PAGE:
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From Michael McCandless <>
Subject Re: Multi-node stats within individual nodes (was "Baby steps...")
Date Tue, 09 Mar 2010 18:04:19 GMT
On Tue, Mar 9, 2010 at 2:28 AM, Marvin Humphrey <> wrote:
> On Mon, Mar 08, 2010 at 02:23:47PM -0500, Michael McCandless wrote:
>> For a large index the stats will be stable after re-indexing only a
>> few more docs.
> Well, not if there's been huge churn on other nodes in the interim.


>> No... the stat is avg tf within the doc.
> Don't you need the *total* field length -- not just the average tf -- for the
> docXfield in question to perform length normalization?

Yes, I'm proposing Lucene track both stats.

> Or is average term frequency within the docXfield a BM25-specific precursor
> that you are using as an example stat?

BM25 needs the field length in tokens.  lnu.ltc needs avg(tf).  These
2 stats seem to the "common" ones (according to Robert).  So I want to
start with them.

>> So if I index this doc:
>>   a a a a b b b c c d
>> The avg(tf) = average(4 3 2 1) = 2.5.
>> So we'd store 2.5 for that docXfield in a fixed-width dense postings
>> list (like column stride fields -- every doc has a value).
> Like column-stride fields, but also analogous to the current "norms" -- only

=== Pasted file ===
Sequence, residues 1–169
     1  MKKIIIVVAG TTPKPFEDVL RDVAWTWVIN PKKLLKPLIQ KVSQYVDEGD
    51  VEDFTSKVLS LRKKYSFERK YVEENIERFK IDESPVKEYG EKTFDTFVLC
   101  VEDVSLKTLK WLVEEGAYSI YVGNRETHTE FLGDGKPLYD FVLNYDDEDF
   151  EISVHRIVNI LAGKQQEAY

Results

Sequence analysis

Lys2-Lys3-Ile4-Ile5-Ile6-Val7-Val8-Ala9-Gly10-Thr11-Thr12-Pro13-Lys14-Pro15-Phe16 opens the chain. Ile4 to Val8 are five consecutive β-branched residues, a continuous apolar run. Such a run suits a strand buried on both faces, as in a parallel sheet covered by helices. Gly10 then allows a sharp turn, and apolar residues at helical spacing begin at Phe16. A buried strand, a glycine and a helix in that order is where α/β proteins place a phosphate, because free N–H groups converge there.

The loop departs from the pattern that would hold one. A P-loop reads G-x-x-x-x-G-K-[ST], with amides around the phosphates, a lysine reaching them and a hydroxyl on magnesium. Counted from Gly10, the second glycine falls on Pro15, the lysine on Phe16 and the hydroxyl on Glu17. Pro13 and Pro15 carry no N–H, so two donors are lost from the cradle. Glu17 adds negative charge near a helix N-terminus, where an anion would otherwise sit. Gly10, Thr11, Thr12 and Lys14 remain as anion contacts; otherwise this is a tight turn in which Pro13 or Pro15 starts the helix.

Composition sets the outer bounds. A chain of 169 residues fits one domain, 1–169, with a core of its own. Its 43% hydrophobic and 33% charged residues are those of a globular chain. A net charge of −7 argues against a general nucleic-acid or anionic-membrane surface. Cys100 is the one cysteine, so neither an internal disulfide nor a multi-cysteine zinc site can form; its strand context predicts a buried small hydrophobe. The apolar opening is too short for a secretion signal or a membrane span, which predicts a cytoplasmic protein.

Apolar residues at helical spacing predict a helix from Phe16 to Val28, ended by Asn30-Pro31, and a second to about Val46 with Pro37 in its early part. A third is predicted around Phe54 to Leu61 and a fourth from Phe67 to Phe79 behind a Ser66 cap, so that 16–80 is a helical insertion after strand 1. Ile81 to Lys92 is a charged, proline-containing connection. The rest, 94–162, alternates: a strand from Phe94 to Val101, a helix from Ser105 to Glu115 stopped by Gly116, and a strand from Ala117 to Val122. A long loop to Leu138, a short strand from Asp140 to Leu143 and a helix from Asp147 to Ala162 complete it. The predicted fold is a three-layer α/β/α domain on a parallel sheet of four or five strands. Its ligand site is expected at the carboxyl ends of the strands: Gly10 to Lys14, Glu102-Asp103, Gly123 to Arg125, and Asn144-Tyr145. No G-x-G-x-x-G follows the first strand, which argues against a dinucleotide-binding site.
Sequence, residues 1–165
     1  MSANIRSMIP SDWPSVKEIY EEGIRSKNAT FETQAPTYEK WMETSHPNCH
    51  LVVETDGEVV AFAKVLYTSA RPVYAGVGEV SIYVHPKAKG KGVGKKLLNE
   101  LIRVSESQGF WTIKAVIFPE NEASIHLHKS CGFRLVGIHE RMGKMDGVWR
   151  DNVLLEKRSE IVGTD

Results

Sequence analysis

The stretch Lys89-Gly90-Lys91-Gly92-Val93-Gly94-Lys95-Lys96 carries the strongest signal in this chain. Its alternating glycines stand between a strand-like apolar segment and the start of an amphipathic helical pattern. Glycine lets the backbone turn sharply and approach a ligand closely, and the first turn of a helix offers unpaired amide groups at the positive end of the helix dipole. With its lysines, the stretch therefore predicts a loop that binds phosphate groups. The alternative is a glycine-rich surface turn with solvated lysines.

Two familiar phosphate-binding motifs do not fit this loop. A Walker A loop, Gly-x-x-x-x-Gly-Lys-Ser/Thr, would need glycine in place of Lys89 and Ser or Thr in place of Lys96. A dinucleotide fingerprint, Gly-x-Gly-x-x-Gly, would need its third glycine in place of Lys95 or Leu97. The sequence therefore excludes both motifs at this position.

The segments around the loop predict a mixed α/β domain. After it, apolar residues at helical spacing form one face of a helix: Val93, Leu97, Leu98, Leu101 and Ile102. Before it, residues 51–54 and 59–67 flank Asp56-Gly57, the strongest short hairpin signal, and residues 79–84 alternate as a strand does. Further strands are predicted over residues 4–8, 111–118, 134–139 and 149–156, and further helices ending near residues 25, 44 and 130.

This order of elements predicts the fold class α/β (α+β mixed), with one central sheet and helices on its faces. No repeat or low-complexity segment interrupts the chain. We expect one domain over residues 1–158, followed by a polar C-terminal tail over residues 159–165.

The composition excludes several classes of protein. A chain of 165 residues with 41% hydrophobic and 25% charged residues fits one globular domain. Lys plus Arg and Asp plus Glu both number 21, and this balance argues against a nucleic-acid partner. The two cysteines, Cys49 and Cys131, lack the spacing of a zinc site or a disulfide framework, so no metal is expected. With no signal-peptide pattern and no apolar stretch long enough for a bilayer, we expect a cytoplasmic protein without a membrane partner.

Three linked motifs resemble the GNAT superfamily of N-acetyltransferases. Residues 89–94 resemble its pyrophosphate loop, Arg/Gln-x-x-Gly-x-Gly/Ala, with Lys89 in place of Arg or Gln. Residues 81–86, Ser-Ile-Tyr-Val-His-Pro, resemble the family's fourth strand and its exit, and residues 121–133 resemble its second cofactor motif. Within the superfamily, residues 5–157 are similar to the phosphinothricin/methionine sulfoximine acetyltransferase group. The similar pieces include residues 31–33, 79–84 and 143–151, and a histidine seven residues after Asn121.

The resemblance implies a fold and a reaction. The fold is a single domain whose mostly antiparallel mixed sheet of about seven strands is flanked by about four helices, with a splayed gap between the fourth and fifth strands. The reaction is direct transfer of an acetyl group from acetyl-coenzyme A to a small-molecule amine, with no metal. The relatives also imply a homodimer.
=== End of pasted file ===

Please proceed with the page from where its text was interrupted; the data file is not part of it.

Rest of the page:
> with 4x the space requirements.  That is, unless you compress that float down
> to a byte, as is currently done with the norm (3 bit mantissa, 5 bit
> exponent).
> The generation of a "norm" byte involves some pretty intense lossy
> data-reduction.  If you're going to store the pre-data-reduction raw
> materials, you're going to incur a space penalty unless you can eke out
> similar savings somewhere.
> The coarse quantization is justified because we only care about big
> differences at search-time.  If two documents are judged as reasonably close
> to each other in relevance, the order in which they rank isn't important.
> It's only when docs are judged as far apart in relevance that their relative
> rank order matters.
> I don't know that compressing the raw materials is going to work as well as
> compressing the final product.  Early quantization errors get compounded when
> used in later calculations.

I would not compress for starters...

> BTW, I think we should refer to these bytes as "boost bytes" rather than
> "norms".  Their purpose is not simply to convey length normalization; they
> also include document boost and field boost.  And the length normalization
> multiplier is a kind of boost... so "boost byte" has everything covered, and
> avoids the overloading of the term "norm".

+1 -- I like that name.  Though, I want to devalue them in
importance... ie they are a private impl "trick" that the default Sim
impl does to save RAM.


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